Welcome to World-Changing Words – an online archive for research of speeches and literature.
Note: This website is currently under construction – posts will be made available soon. For now, take a read below and have a look at my submissions for the research aspect of the Laidlaw Scholarship.
About this Project:
In Summer 2021, I worked as a researcher with the wonderful Laidlaw Research and Leadership Scholarship. This granted me the opportunity to devise and work on my own research project over the course of 6 weeks. I chose to look at the words and phrases of two key texts to evaluate wider society and ideologies in 1910s Ireland. Whilst this was a micro-historical study (the study of a small unit), I quickly discovered that studying a small unit does not necessitate asking small questions. Through looking at the words and phrases of the two documents, I was able to answer questions about the socio-economic factors, the experiences of women, individual fears, and how leaders gained support for violence. Whilst the 6 weeks of this research project have now concluded, being a Laidlaw Scholar is fortunately a priviledge for life. Therefore, I hope to continue to utilise the skills, knowledge and experience provided by this scholarship to further build upon this important historical research. I aim for this resource to aid understanding of these historical texts, and to prove the worth of words in uncovering the past.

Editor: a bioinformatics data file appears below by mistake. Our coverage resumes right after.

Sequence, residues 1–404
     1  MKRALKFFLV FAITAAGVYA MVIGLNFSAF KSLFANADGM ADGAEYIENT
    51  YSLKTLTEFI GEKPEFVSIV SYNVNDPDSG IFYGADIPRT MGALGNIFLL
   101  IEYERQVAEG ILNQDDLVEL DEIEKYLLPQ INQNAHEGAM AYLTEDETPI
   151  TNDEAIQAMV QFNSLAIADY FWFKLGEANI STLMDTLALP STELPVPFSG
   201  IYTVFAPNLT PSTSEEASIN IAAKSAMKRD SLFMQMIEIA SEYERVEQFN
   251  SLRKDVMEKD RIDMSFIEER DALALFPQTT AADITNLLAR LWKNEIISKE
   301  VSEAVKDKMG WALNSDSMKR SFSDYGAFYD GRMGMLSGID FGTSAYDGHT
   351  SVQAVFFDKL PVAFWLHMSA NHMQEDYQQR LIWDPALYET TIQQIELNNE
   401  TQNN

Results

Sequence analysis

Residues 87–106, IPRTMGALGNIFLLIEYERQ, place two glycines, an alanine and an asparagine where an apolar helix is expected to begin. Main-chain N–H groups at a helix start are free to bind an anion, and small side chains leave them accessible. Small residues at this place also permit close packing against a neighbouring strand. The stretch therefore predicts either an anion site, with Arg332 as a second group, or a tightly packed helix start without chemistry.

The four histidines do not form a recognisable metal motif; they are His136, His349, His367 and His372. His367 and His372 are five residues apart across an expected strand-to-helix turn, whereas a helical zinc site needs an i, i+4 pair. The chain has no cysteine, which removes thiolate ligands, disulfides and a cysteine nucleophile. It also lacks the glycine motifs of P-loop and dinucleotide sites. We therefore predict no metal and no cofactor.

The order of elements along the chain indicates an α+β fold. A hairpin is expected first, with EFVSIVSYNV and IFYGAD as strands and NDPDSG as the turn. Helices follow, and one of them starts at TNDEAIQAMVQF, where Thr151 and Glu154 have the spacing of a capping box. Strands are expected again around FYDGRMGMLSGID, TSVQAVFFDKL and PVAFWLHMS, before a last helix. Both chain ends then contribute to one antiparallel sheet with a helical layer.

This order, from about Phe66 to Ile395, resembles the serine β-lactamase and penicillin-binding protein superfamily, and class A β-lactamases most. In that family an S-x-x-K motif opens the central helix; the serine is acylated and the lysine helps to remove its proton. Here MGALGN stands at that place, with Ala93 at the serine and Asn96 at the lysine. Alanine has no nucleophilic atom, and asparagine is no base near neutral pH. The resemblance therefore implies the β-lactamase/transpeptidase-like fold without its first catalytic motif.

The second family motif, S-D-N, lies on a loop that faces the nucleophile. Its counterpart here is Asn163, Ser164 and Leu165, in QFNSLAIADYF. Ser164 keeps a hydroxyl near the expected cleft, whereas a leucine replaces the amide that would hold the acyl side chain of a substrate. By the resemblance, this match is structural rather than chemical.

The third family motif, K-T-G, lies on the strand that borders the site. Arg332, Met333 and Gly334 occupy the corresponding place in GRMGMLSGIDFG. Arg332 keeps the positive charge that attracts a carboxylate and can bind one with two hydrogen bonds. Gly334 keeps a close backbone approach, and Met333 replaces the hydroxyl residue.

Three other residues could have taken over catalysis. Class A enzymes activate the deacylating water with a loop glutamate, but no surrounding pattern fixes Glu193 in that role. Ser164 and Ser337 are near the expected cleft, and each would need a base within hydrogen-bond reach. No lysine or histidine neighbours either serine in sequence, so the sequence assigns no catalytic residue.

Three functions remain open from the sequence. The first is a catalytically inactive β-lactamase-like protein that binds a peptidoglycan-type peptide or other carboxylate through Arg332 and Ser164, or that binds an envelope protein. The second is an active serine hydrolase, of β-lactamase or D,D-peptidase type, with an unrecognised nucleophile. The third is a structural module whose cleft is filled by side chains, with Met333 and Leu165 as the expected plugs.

Why study words?
Whether from a politician hoping to gain a vote, or a company hoping to make a sale, we are surrounded by persuasive words every single day. These can transfer information, instil feelings into us and draw emotions out of us. Sometimes, they can be powerful enough to even result in action. It may appear that societal factors and ideologies are powerful enough to be living organisms, but this is not the case. They are survived solely through the individuals who endorse and experience them. Speeches and literature can often reveal the feelings and experiences of both the speaker and the listener, and so it is intuitive that through examining the texts to discover indiviual experiences, we can also evaluate the wider societal factors to which they are linked.
My name is Lucia Cathers, a History Undergraduate at the University of St Andrews. I have been fortunate to work as an historical researcher through the ‘Curious St Andrews’ programme last year, and so this Summer was able to improve and refine my research skills. I am avid debator, a keen traveller and language-learner, and can often be found with my nose in a book. This project blended together my love of language and my passion for the past, and I am greatly looking forward to continuing with it through this website. I enjoy volunteering within my community and using my skills and experiences to help others. I hope to take this further in the future with a career in diplomacy and humitarian aid.
The best way to contact me is through email: firstname.lastname@example.org
Through the 2 year Laidlaw Scholarship, I am aiming to develop my leadership skills, and so I am always open to opportunities wherein this may be possible.
I know that within historical research, it is impossible to cover everything – but that doesn’t mean I can’t try! Please feel free to send recommendations of speeches and literature to the above email address.
You can also connect with me on LinkedIn: https://www.linkedin.com/in/lucia-cathers-24130299/
And find out more about the Laidlaw Programme here: https://laidlawfoundation.com/scholars/
Other Laidlaw Scholars can also reach out on the Laidlaw Scholars Network: https://laidlawscholars.network/users/lucia-cathers